# Timing code¶

```
%reload_ext autoreload
%autoreload 2
from pathfinding import demo, grid, utils, finder
from pathfinding.grid import core, viz
cases = demo.get_case_files()
```

```
def cost(p0, p1): return 1
def md(p0, p1):
return abs(p1[0] - p0[0]) + abs(p1[1] - p0[1])
for i, case in enumerate(cases):
start, end, polygons = case
maze = grid.generate(200, 100, polygons)
print('Case: ', i + 1)
print('BFS')
%timeit -n 3 path, = finder.bfs(maze, core.find_walkable_neighbors, start, end)
print('DFS')
%timeit -n 3 path, = finder.dfs(maze, core.find_walkable_neighbors, start, end)
print('A*')
%timeit -n 3 path, = finder.astar(maze, core.find_walkable_neighbors, start, end, cost=cost, heuristic=md)
print('\n')
```

Here we show/format the output as per spec (start, end, number of expanded nodes, cost and running time)

```
for i, case in enumerate(cases):
start, end, polygons = case
maze = grid.generate(200, 100, polygons)
print('Case: ', i + 1)
# demo version of finders contain the (a, b, c, d, e) output as per spec (and some functions implicitly set)
print('BFS')
utils.render_demo(demo.bfs(maze, start, end))
print('DFS')
utils.render_demo(demo.dfs(maze, start, end))
print('A*')
utils.render_demo(demo.astar(maze, start, end))
```

# Analysis and conclusions¶

As we can see with the above, A* and BFS always have equal cost, and they are always lower than DFS. This makes sense, as these 2 algorithms are optimal.

The running time of DFS varies quite a bit - it can get slow, or fast, depending on the graph/maze. This makes sense as DFS depends on how 'lucky' it can get in expanding to the goal node (if the goal node is near the end of the first few branches). However, note that DFS is **not** optimal - it's cost can be larger than the actual lowest cost to the goal.

Comparing the running time between A* and BFS, we see that BFS is faster on most cases, whilst A* expands way less nodes.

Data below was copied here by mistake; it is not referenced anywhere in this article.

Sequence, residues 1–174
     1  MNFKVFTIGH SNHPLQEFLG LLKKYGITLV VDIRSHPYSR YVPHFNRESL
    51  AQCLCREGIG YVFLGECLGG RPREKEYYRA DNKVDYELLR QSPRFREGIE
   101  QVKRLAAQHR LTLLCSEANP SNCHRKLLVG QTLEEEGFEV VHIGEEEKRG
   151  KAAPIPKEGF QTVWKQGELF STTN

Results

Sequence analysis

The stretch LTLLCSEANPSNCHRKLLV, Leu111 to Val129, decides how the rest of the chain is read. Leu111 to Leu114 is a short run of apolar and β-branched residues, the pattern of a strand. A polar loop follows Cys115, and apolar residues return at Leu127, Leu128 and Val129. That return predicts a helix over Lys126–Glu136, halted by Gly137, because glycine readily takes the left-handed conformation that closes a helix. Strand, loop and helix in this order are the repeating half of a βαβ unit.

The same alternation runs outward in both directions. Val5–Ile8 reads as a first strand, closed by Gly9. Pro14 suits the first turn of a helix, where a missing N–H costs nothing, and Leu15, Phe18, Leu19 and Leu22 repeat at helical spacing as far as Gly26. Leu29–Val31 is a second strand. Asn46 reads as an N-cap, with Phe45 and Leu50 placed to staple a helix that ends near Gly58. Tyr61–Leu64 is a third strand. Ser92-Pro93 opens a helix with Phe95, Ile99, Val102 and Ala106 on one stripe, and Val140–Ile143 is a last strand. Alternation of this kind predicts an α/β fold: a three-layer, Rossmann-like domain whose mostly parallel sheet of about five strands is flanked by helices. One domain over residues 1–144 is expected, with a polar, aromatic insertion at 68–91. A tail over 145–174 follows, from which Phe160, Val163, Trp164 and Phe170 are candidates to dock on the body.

A* expanding less nodes makes sense, as it uses the heuristic function to 'expand in the direction' of the goal.

BFS is a bit faster due to a couple of reasons. One is that we have most starting points and endpoints at corners - this cuts the extra nodes expanded by BFS by quite a lot (imagine an example where the starting point is in the center and end point at top, BFS would expand in both directions while A* would only expand in one direction).

There also quite a few optimizations we can make for our current implementation of A*. Our A* algorithm supports arbitrary use cases, as long as it's provided a way to traverse the graph, and a cost and heuristic function. We can trade these flexibility and inline these functions, which would increase its speed. Note as well that there's no priority queue in the current implementation, and instead use a linear pass to get the node with the lowest cost.

Back to Index or look into Extra: Viz

```
```

This is a post in the **CS 180 Pathfinding** series.

Other posts in this series:

- Mar 17, 2019 - CS 180 Pathfinding
- Mar 17, 2019 - Grid
- Mar 17, 2019 - Finders
- Mar 17, 2019 - Grid Search
- Mar 17, 2019 - Test Cases
- Mar 17, 2019 - Running Test Cases
- Mar 17, 2019 - Timing
- Mar 17, 2019 - Viz